Saturday, 23 January 2016

Hero's Welcome - Review

Yvonne Arnaud Theatre, Guildford


Written and directed by Alan Ayckbourn

Richard Stacey and Evelyn Hoskins

Alan Ayckbourn's latest play sees this most prolific of playwrights fire off yet another salvo of domestic dysfunctionality. Hero’s Welcome, set in a northern English town, treats his audience to tableaux of human misery staged as an end of the pier farce. 

Murray is a decorated soldier returning home from a conflict somewhere east of the Adriatic, to the town he'd fled nearly 20 years ago when he jilted the pregnant Alice at the altar. Time has seen Alice go on to marry Derek, a charmingly inadequate builder (and sensitively played by Russell Dixon) devoted to his model railway layout. Meanwhile, in a palatial house out on the hills, Brad (a former childhood buddy of Murray) has built his home, married to the desperately unhappy Kara. There's the smouldering ashes of a love triangle in here too and if all this seems familiar Ayckbourn territory, the playwright resolutely catapults us into the modern era introducing Baba, Murray's young and devoted wife displaced by war and who Murray has recently married during a tour of duty. 

Ayckbourn (much like Arthur Miller) dwells upon the human condition in his work. But where Miller applies a surgeon's scalpel to fillet out grief and emotion, Ayckbourn uses a chainsaw (or should that be shotgun?) to make his point. Whilst many of Hero's Welcome's themes are recognisable, by the time its characters have endured murder, arson (and for good measure, one of them suffers a debilitating stroke half way through act 2) the play's credibility has all but evaporated.

That being said, Ayckbourn, who also directs, has assembled a marvellous ensemble. Richard Stacey's Murray is believable as the flawed warrior, whilst Elizabeth Boag's Alice cleverly hints at her once glamorous youth and an adulthood quietly spent in a marriage of disappointing compromise.

As Brad, an absolute cardboard cutout of a morally bankrupt bounder, Stephen Billington sports the chiseled good looks demanded of his millionaire lifestyle - and whilst Ayckbourn offers him little more than crass cliché by way of dialog, he makes the most of it. Likewise, Emma Manton's Kara offers a thoughtful study in housebound misery. Though Manton's re-appearance towards the play's end, appallingly wigged and playing her daughter Simone, is stagecraft at its clumsiest.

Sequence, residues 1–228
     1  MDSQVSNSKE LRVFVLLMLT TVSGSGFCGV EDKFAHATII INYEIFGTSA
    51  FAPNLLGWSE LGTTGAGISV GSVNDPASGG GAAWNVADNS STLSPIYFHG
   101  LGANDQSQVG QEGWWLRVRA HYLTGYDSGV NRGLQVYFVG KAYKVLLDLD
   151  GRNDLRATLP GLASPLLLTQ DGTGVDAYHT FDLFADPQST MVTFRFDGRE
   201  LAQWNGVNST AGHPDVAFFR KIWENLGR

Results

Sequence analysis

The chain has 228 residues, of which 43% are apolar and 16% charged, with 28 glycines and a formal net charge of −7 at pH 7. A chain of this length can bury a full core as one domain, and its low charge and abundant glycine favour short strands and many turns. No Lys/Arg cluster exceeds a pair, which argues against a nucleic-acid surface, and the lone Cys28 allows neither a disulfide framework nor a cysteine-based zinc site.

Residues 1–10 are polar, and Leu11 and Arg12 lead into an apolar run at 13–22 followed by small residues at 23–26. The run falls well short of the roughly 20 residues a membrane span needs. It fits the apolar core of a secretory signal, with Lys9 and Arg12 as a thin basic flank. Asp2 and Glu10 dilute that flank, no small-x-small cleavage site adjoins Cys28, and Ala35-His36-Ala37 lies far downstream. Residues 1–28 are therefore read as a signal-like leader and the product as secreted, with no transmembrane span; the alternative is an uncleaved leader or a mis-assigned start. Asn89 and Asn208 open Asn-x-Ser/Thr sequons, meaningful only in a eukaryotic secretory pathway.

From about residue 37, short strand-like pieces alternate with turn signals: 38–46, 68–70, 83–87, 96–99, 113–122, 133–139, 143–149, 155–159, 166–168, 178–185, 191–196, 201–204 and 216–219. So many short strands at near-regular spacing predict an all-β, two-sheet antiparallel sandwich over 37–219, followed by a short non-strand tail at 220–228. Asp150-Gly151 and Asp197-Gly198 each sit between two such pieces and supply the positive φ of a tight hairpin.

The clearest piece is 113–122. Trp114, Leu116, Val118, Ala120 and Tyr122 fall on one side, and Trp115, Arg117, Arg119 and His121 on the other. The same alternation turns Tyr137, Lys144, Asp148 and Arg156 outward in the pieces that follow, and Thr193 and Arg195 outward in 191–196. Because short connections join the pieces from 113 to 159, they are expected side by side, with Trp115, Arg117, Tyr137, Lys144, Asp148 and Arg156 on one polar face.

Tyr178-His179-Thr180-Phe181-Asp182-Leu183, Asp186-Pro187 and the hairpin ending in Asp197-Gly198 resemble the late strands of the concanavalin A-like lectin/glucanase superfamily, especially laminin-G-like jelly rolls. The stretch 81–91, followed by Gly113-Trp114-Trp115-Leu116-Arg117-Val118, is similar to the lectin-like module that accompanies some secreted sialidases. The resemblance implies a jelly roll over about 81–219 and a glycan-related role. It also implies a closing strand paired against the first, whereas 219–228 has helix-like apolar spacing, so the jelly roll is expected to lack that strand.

The centrepiece of this company however is Evelyn Hoskins' Baba. Hoskins (around whom, one suspects, the part may well have been written) brings an fragile, elfin stature to a woman wise beyond her years and who has witnessed life's horrors. Hers is one of Ayckbourn's most well-conceived back-stories in a long while, with Hoskins defining the resolute determination and courage of a loving woman, desperate to re-build her life in the West. In a masterful turn from Hoskins we sense Baba's vulnerability yet admire her steely resolve.

Aside from the litany of his character's woes, Ayckbourn seeks to comment on other social malaises, raising his scatter gun to take aim at the rise of gastro-pubs, binge drinking whilst all the while inviting us to laugh at other people's misfortunes.

But Scarborough's literary hero is a canny chap and knows what entertains his devoted fan base. After a UK tour Ayckbourn’s company take the play to New York for a summer residency.

Now on tour

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